Friday, February 14, 2014

Firstborn. Great dystopian!


The world-building in Firstborn is something to sigh over.
This is definitely a dystopian, except it feels more like it's set in the past {tribes, foot soldiers, villages} than in the future, which makes the story unique right from the start. 
The writing is exactly right for the tone of the story too, a kind of formal, measured prose with verse mixed in when a vision is given.

As a daughter born into a conquered tribe where females are despised, Tiadone would have been murdered at birth if her father hadn't declared her male. 
When he made that choice, he saved and doomed his daughter all at once. She must hide from her own identity now, spurning anything womanly in her mind or her body. Things would have been very different if the R'tan people were not under foreign domination, but they are. As per Madronian orders, Tiadone wears a dried desert cat's heart amulet to scare away any hints of femininity, and she strives to be the male she must to survive. 

We meet Tiadone just before three turning points in her life. The first is when she witnesses the High Priest Sleene take a newborn girl away to die on the screes. She had known intellectually that death would have been her fate, but know she understands the cruelty at a deeper lever. 

The second is that her Rapion has hatched! This was another really neat part of the story, instead of depending on advanced technology, the R'tan tribe has a special connection to the Rapion bird. In exchange for a child's placenta, the birds gift the child with one of their eggs. Tiadone has worn the egg at her belt for years, dreaming of the day when her bird would hatch and bond with her. Her doubts about her malehood haunt her even here, when Tiadone fears that the Rapion won't twine with her.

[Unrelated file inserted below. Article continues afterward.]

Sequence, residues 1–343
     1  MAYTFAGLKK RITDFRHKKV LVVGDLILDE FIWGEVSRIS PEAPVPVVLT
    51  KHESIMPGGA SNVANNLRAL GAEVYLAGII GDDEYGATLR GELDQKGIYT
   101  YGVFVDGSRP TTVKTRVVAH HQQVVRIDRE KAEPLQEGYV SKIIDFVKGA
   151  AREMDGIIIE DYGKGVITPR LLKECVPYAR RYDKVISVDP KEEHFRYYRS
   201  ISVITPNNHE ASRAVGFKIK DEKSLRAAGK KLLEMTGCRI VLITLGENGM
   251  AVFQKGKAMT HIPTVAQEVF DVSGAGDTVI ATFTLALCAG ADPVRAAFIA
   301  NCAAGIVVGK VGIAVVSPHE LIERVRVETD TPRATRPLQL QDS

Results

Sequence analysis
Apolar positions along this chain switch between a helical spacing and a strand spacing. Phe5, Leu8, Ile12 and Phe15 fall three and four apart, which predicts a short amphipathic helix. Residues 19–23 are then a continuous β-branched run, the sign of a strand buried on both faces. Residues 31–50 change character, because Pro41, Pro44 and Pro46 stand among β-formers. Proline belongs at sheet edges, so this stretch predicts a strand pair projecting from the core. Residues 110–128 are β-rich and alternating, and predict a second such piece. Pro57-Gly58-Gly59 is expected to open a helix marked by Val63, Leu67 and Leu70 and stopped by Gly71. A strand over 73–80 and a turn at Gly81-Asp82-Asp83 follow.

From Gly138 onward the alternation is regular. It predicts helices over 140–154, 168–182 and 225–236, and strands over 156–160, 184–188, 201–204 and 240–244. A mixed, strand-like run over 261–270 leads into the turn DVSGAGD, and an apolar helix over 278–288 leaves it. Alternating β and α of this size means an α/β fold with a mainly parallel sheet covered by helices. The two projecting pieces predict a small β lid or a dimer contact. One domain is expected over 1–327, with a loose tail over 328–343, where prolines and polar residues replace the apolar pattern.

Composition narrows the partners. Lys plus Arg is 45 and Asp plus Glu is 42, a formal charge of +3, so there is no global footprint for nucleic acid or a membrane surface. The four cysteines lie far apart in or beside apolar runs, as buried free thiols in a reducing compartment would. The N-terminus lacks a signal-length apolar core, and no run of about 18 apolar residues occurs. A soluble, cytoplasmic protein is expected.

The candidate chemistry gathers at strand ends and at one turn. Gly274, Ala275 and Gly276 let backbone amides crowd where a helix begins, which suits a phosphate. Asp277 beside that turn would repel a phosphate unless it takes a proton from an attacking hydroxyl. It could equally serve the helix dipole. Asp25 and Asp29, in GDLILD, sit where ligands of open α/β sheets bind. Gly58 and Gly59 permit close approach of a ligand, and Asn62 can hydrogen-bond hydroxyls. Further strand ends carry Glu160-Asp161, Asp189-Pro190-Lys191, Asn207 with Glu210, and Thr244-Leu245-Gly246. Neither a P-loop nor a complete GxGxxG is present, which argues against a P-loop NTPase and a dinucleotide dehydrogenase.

And the third is her initiation, when Tiadone will become a Patroller. Partnered with her best friend Ratho, these initiates and their Rapions will raise the alarm of any dangers along the perimeter. 
That's another way this world shines... the environment. 
The perimeter is in the vast, dry, colorful mesas. There are sandstorms and sidewinders and desert cats like the one that provided her amulet's heart. Tiadone and Ratho's training and patrolling makes for can't-put-it-down reading, especially as Tia's inner world unfolds to us. She finds herself longing for the love of her partner and questioning how she can live as a R'tan under the religion and dominion of the Madronians. She misses her father desperately and she can't imagine being separated from her Rapion. 

Something I truly loved was that when Tiadone felt the stirrings of womanhood within her, they weren't weakness and foolishness and some nonsensical seduction. Realizing that she was a woman at heart didn't mean that she was simpering and smarmy. It meant that she was strong in the way she was made to be. It was real, and girls today can relate to her journey. 

And I want another book! The Hunger Games would have been great with one book, but it became epic with three. Firstborn would make a wonderful series... I want to know more about the R'tan people, and the books they aren't allowed to access, and Ratho, and Tiadone.

Thank you Booksneeze for my review copy!

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